Piles Treatment

What Is The Alternative To a Surgery For the Piles

Piles, also known as hemorrhoids, are caused by the bulging of veins in the lower rectum and anus. When veins swell, the walls of the veins stretch, bleed, and become irritated. External piles form at the end of the anus. Internal piles form inside the anal canal. Depending on the type of piles and their severity, non-surgical and surgical treatment options are available to patients. It is feasible to treat piles or hemorrhoids without surgery. However, before considering alternate piles treatment options, you must first understand the disease and its degrees. The stage of the ailment determines the treatment. Let us take a look at the different stages of piles.

Degree of Severity of Piles 

  • Grade I is characterized by minor inflammations along the anus lining. They are barely noticeable and treatable without surgery. 
  • Grade II piles are more prominent than Grade I heaps but remain within the anus. They may be ejected from the body with the passage of feces.
  • Grade III appear outside the anus and are also known as prolapsed hemorrhoids. They can be felt hanging from the rectum by the patient. 
  • Grade IV is massive and cannot be moved back. These require treatment because they are still outside the anus.

Piles Treatment Alternative To Surgery

Topical Treatments

Hydrocortisone-containing hemorrhoid creams can be administered to the afflicted area to provide relief. These lotions can be obtained without a prescription. Numbing agents or witch hazel pads can also be employed.

Medication

Over-the-counter medications reduce inflammation and swelling in the area. They are available as pain relievers, ointments, pads, and so on. Using them for more than a week is not recommended because of the adverse side effects. Corticosteroids help to reduce inflammation and pain. Laxatives are prescribed to the patient to help with constipation. It would help them to pass stool and relieve some pressure easily.

Rubber Band Ligation

Another non-surgical piles treatment option for piles is rubber band ligation. However, it is only applicable to internal hemorrhoids. The process is tying a rubber band around the piles’ bases. It reduces blood flow to hemorrhoids, which causes them to shrink or dry up and fall off.

How is Rubber band ligation performed?

 The procedure uses a tiny tube equipped with a camera known as an ‘anoscope.’ It is put into the patient’s anus. Once located, the hemorrhoid is grabbed, and a rubber band is placed around its base. The banded clumps usually come off after a week. The scar will form at the site to prevent the veins from bulging into the anal canal.

Sclerotherapy

Sclerotherapy is considered when the rubber band ligation is ineffective. The pile must be large enough to accommodate the rubber band ligation. Thus, it does not work on smaller piles. Smaller piles can be treated with sclerotherapy. Sclerotherapy aims to cut off the blood supply to the hemorrhoids.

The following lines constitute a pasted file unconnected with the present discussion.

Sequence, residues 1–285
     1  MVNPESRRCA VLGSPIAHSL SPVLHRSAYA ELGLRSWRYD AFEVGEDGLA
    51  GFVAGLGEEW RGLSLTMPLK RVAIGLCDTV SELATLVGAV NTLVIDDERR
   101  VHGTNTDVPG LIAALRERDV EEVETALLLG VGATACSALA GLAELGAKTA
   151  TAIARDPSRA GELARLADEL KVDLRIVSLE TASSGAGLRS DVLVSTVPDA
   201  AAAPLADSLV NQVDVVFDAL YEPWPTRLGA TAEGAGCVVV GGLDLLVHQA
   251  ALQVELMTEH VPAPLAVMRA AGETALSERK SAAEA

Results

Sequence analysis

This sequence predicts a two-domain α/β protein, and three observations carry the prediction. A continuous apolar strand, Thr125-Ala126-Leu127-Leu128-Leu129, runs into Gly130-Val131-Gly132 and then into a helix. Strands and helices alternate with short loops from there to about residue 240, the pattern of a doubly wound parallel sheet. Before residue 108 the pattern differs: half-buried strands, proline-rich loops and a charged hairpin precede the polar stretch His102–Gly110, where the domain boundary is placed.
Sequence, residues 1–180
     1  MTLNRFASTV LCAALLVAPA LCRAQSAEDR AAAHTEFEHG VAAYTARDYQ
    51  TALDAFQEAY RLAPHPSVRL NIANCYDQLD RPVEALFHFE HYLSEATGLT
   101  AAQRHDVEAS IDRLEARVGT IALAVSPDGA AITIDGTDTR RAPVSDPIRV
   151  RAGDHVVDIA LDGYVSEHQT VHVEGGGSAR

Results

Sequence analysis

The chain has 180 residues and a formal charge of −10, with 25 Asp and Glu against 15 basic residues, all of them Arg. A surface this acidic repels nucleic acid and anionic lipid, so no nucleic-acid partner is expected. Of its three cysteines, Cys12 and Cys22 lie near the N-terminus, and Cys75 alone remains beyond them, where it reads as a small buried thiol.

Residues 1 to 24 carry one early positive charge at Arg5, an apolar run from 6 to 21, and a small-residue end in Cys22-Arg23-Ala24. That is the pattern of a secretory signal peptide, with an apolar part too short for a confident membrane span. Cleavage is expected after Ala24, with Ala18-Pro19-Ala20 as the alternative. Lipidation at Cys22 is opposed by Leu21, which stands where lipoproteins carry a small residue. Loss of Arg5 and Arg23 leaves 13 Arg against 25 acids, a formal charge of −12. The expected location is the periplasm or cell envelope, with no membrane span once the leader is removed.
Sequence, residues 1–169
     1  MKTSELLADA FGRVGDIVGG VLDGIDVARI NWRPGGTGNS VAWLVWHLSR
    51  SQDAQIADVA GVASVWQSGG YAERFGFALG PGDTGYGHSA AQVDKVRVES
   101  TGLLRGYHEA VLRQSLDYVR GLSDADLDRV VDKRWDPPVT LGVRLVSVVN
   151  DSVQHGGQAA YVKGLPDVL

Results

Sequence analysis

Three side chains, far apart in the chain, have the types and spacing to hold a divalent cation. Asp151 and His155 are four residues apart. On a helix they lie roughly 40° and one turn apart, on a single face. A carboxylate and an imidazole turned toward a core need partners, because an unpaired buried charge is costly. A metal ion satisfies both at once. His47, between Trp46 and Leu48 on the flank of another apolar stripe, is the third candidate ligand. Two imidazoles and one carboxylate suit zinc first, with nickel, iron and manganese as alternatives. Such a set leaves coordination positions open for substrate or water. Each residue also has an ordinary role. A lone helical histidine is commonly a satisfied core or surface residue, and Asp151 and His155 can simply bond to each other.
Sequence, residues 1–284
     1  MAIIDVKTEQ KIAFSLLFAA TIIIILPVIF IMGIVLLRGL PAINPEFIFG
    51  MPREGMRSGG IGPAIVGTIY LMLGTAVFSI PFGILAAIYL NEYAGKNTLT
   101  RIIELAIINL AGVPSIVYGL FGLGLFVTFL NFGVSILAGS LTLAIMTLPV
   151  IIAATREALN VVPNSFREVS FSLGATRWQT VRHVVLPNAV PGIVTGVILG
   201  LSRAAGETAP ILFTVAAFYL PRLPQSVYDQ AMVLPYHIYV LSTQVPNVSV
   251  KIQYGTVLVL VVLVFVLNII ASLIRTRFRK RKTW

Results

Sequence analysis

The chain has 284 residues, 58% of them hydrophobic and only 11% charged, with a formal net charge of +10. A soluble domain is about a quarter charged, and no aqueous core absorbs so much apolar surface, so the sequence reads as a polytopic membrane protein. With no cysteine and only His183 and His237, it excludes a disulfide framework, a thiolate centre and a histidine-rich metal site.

How is Sclerotherapy Performed?

The procedure starts with injecting a hardening chemical solution at the base of the pile to scar the tissue and cut off the blood supply. The mounds will start to decrease as the blood supply is cut off. It can be done for numerous piles at once. For the first few days after treatment, the patient may see some blood in their feces. It is a less invasive and less uncomfortable piles treatment

Home Remedies To Treat Piles

Grade I and II piles can be managed with home remedies and over-the-counter medication. If you have piles, you should eat foods like whole grains, fruits, and vegetables. These nutrients soften and thicken up your feces, preventing constipation.

Constipation is frequently the result of excessive straining. To avoid gas problems, gradually integrate more fiber into your diet. Caffeine and alcohol should be avoided. Drinking 2 liters of water daily lowers the risk of piles by keeping the stool soft.

Warm baths are an excellent form of piles treatment. They can help alleviate the pain caused by piles. Soaking your anal region for 10 to 15 minutes in plain warm water at least twice daily will help. Many studies have shown that doing so after a bowel movement is beneficial. After that, you can take a full-body bath or a sitz bath. For further relief, add Epsom salt to the bath.

Exercising helps to avoid and relieve constipation, which relieves pressure on the veins. Exercise will help you lose weight, which is a primary cause of piles. 

Conclusion

Body weight and diet can contribute to an increased risk of developing piles. Maintaining a healthy weight by eating high-fiber foods can help prevent and even treat the disease. Initially, your doctor will advise you to make specific lifestyle adjustments to assist you in managing your piles. Patients can self-treat up to grade III or IV. It is essential to consult your doctor to get the best piles treatment for your level of severity.

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